A postscript that’s open for discussion. Our tester was fairly loaded and stickered at $53k. For another $4000, would you rather have a base Cayman?

Joe Gearin Joe Gearin
Associate Publisher

As pretty much everyone knows by now, the Mustang GT is a heck of a car. It’s fast, good looking, and more refined than any previous Mustang in history. No longer a crude pony car, this new Mustang also includes a full suite of electronic gadgetry. By scrolling through menus you can alter the sound of the exhaust, the feel of the steering, and even the configuration and color of the gauges. It also has mirrors that project a little horsey on the ground when you open the door. Cheesy yes... but kind of cool too.

Our test car was equipped with Brembo brakes, Recaro seats and all the go-fast goodies that enthusiasts would likely order. These options worked as they should—especially the brakes, which feel tremendously strong. The Recaros are also extremely supportive, as long as you aren’t a larger individual. Anyone larger than 170 lbs would be wise to test fit these seats before ordering, as they are narrow and confining.

I really wanted to love this Mustang, but I never could warm up to it. First off: it’s big, and feels it. The hood bulges out, making it hard to locate the corners of the car. The interior was also designed for someone larger than my 5-foot, 8-inch frame, which is strange seeing how confining the seats are. The armrests are far away, and the car never seems to shrink around you. It goes fast, handles well and sounds killer, but I never could get comfortable inside this Ford. Also I’ve heard folks say the new Mustang is “more BMW than pony car” which I find to be exaggerated. The Mustang is still a loud, brash American, for better and worse. The driveline still has clunks, the exhaust is loud (even in the “quiet” setting) and the car always wants to charge. A relaxed cruiser this car is not.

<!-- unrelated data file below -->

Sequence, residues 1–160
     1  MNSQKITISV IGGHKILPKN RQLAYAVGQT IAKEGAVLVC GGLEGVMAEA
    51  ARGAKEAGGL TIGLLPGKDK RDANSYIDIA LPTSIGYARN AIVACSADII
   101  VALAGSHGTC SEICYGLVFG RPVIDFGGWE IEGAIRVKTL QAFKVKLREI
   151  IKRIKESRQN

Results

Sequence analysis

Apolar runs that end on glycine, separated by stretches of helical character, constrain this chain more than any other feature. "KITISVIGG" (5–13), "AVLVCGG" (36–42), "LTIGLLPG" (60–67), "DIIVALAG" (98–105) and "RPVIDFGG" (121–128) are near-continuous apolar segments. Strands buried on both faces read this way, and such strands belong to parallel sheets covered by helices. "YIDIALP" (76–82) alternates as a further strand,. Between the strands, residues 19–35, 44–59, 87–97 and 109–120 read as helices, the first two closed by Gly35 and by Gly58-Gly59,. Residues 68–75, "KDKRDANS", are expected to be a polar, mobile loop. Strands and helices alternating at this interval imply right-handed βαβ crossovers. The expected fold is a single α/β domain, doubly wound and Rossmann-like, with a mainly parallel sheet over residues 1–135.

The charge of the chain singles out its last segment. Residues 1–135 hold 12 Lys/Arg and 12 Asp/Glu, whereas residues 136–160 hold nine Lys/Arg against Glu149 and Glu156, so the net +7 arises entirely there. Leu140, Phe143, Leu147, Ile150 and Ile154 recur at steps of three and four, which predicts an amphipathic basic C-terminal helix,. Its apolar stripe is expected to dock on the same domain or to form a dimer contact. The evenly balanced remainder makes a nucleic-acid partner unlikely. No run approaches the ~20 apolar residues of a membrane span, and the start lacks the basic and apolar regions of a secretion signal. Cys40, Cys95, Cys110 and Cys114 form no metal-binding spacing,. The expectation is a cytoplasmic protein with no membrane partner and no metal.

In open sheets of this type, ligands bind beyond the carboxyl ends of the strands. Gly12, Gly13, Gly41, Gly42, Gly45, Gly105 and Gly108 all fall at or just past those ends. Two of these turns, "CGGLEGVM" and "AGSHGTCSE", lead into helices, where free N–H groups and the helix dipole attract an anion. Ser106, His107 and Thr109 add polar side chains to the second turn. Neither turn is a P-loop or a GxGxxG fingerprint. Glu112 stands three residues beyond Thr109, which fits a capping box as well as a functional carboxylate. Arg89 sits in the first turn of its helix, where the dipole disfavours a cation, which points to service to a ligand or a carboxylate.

I certainly couldn’t blame anyone for buying a new Mustang GT, but it isn’t for me. If I want a sports car, I’d get something smaller and lighter. If I want a muscle car, I’d prefer a Challenger that has a real back seat and better visibility. The new Mustang GT is an admirable attempt to make one car that can do it all, but it doesn’t push my buttons. Mustangs have always delivered a lot of bang for the buck, but our car’s price tag was a walloping $53,000. That’s a ton of money for a car that will likely depreciate rapidly.

Ford did a good job with this car, but it’s not on my wish list.

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Comments
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nderwater
nderwater UltimaDork
6/4/18 4:19 p.m.

Our tester was fairly loaded and stickered at $53k. For another $4000, would you rather have a base Cayman?

As another counter-point, the M2 starts from $54,500. 

How did the car without the Magne-Ride compare to the car that had it?

Ranger50
Ranger50 UltimaDork
6/4/18 4:42 p.m.

Line lock closed course? Buhahahahaha!!!!!

Pete Gossett
Pete Gossett MegaDork
6/4/18 7:24 p.m.

In reply to David S. Wallens :

I’m glad to see a manufacture offer so many options/option combos!

markwemple
markwemple UberDork
6/4/18 7:28 p.m.

That price is 996 GT3 territory. Just sayin'